LOUDON, Tenn. — In late October, a couple of cousins decided to help people in their community in a small way. But how? 

They turned to social media to make The Little Blessing box possible. 

The way to The Little Blessing Box is up the steps to the second floor of a storage shed. 

It's a steep climb for a lofty goal: helping the needy in rural Loudon County. 

"We've always wanted to help our community and bring it together and so I said let's make a Facebook page. And it blew up," Jessica Todd said. 

Two cousins, Facebook Live and some items bought in bulk. 

Facebook lets them connect with the community
Facebook lets them connect with the community
WBIR

Jessica Todd and Samantha Youngs thought they would put together some gift boxes for the holidays. 

Samantha Youngs said, "It's something important to me that I've always wanted to do. Just make an impact in the community. Find a way to give back to the community that has helped me so much." 

They sort items according to what specific people need.jpg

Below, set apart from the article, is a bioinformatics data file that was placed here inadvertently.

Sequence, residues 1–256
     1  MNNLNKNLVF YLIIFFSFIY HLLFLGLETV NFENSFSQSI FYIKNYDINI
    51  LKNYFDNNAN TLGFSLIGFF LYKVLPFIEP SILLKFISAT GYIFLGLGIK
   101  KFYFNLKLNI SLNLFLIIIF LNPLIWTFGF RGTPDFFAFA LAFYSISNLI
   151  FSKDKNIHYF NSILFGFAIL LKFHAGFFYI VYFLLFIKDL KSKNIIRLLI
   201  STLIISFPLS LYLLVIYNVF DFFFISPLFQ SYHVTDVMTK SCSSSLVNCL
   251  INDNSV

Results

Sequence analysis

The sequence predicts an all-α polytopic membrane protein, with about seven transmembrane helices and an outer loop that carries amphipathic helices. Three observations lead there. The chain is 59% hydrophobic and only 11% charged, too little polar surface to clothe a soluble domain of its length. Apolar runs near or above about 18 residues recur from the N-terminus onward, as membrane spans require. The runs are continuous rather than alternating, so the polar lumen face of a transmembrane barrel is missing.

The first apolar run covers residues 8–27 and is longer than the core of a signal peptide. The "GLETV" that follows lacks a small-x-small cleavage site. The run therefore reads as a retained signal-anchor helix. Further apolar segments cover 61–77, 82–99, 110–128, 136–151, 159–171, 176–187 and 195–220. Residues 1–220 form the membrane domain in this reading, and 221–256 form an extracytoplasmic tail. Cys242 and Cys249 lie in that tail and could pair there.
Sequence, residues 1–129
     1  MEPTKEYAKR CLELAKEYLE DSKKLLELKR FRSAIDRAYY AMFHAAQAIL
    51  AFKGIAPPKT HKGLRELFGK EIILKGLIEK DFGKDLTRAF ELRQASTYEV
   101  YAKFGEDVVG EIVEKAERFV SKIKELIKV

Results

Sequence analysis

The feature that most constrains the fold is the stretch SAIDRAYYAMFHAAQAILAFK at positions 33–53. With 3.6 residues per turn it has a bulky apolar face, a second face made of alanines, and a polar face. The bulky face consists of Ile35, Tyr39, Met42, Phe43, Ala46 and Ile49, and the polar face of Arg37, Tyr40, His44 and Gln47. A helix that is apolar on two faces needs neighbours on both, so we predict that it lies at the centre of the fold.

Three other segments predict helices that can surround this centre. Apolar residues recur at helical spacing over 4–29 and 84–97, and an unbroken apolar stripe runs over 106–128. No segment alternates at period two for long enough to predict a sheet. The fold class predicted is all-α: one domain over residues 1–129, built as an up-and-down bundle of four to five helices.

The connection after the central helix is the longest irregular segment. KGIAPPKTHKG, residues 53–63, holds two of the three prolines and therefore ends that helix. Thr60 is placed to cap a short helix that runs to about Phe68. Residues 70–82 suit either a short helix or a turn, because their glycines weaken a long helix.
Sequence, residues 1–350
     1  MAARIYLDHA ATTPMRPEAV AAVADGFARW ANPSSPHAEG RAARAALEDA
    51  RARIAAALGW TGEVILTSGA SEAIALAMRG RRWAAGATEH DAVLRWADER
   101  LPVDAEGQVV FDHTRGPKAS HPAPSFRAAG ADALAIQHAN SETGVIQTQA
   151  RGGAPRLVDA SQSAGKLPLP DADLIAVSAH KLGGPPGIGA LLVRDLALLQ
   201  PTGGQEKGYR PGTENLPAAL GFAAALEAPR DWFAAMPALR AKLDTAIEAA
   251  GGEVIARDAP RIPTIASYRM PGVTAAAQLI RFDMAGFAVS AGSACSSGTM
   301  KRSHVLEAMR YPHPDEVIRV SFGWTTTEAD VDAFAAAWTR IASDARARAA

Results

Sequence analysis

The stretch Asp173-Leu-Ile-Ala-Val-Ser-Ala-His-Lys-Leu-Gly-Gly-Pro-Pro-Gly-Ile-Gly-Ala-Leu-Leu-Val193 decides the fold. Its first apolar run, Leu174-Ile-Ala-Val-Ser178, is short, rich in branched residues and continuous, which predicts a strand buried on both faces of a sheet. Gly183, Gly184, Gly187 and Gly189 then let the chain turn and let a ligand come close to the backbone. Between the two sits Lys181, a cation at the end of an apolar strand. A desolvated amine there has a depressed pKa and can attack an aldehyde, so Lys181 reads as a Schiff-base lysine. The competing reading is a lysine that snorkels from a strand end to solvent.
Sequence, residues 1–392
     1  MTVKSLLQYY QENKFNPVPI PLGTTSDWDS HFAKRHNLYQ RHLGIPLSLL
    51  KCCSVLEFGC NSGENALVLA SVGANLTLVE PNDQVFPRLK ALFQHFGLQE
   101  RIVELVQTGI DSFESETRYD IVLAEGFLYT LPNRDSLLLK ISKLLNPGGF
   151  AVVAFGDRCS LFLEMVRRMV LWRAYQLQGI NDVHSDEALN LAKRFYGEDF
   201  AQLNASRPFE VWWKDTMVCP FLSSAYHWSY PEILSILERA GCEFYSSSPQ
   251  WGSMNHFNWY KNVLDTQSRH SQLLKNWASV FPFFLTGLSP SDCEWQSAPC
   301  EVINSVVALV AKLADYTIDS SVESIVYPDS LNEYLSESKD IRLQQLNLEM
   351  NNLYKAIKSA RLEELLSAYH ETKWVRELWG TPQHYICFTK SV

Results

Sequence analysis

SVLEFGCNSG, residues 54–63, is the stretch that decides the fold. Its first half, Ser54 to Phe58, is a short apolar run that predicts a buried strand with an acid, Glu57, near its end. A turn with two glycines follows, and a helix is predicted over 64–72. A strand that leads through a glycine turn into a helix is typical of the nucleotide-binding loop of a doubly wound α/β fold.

They sort items according to what specific people need.jpg
WBIR

"It's really coming from the bottom of our hearts why we want to help people. We come from a low income family. We had to have help from local organizations. And when we were in church, we didn't have Christmas or nothing, they would help us." Jessica said. 

Two cousins started The Little Blessing Box to help people in their rural community
Two cousins started The Little Blessing Box to help people in their rural community
WBIR

They are in the process of becoming an official non-profit. For now, they are keeping careful records, by hand. 

Volunteers have reached out. Businesses have donated items. Individuals have dropped by with supplies. 

"It makes me emotional because I didn't think the community would be so involved in something. I thought it would be small. I didn't know it to blow up like this," she said. 

Headquarters for The Little Blessing Box is the second floor of a shed
Headquarters for The Little Blessing Box is the second floor of a shed
WBIR

Social media connects them to those willing to give and those needing to receive. 

They hope to distribute boxes before Thanksgiving. 

Samantha said, "People don't just need help during the holidays. It's every day. So it would be nice to be able to do this year round." 

They are also open to a barter system. For example, if you will donate baby food then they will mow your lawn.